Give plants (and people) a second chance: Many of Finley’s lessons about gardening can be applied to life. For instance, if you’re new to planting, you may mistakenly pull some seedlings out because you thought they were weeds or think you killed a plant that’s just going through a normal transformation. Finley suggests the following: “Don’t be so quick to cut out something when you don’t have all the facts yet. Be patient and wait for it to grow.” The same can be said about relationships — gather all the facts first before making a decision.
Success is subjective: Finley wants you to know one thing: You decide whether you’re successful. He recommends asking yourself this question: “When are you going to be successful? A corner office, a Birkin bag? “You will never be f****ing successful ever, unless you say ‘I am successful.’” There is no objective measure of success — you decide what makes you so. “You will be on a hamster wheel for the rest of your life if you’re measuring your success against somebody else,” he says. “All it takes for you to have value is for you to say it.”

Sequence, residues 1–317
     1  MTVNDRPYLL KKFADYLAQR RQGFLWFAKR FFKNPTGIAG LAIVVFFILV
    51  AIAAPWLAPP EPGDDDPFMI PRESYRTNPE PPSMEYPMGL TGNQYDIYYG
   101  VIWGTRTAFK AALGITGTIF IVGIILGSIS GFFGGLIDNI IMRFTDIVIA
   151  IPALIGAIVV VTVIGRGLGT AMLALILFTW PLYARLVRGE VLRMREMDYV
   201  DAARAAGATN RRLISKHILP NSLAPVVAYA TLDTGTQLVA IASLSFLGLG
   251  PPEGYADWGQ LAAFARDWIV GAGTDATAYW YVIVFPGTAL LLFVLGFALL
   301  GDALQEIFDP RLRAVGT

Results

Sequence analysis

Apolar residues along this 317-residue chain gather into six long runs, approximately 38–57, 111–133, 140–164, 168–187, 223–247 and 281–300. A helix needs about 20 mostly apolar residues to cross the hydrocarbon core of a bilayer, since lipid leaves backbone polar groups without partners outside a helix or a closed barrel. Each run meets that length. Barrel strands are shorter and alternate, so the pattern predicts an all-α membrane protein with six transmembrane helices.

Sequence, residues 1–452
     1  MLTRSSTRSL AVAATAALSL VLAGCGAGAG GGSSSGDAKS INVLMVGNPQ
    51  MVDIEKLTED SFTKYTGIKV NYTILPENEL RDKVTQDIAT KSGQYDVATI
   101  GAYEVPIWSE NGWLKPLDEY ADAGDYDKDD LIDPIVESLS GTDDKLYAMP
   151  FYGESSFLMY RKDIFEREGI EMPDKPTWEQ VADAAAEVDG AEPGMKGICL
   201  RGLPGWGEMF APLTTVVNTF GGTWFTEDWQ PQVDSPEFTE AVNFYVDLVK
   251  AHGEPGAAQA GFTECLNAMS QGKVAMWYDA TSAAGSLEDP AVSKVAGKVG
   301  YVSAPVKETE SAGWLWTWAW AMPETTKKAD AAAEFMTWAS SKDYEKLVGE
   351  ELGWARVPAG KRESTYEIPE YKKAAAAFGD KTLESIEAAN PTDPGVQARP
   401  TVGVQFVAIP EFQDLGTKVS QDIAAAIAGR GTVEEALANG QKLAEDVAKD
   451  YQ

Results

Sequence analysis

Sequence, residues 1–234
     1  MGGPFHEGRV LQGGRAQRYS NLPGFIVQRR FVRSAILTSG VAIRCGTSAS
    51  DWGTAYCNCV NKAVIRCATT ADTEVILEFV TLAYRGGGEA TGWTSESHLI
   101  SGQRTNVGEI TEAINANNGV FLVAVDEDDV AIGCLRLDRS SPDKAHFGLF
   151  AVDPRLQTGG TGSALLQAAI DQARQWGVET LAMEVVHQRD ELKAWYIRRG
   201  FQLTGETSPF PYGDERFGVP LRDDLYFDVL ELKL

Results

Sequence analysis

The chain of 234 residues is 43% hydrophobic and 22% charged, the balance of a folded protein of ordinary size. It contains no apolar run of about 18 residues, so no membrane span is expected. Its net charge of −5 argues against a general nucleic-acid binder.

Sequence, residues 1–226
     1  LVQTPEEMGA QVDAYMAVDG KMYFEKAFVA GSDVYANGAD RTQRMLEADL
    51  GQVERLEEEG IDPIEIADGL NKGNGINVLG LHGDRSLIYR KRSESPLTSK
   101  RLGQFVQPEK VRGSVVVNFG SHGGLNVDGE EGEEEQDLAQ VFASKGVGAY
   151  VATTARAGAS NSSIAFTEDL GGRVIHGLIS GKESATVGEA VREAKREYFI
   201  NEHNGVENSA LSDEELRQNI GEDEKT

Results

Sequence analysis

QUOTES TO REMEMBER.
“We gotta flip the script on what a gangsta is — if you ain't a gardener, you ain't gangsta.”
“With my garden, I’m taking some of my power back. A garden represents freedom to me.”
“Growing your own food is like printing your own money.”
“Gardening is the most therapeutic and defiant act you can do, especially in the inner city.”
“There are no mistakes. There are only lessons.”
“Beauty in, beauty out.”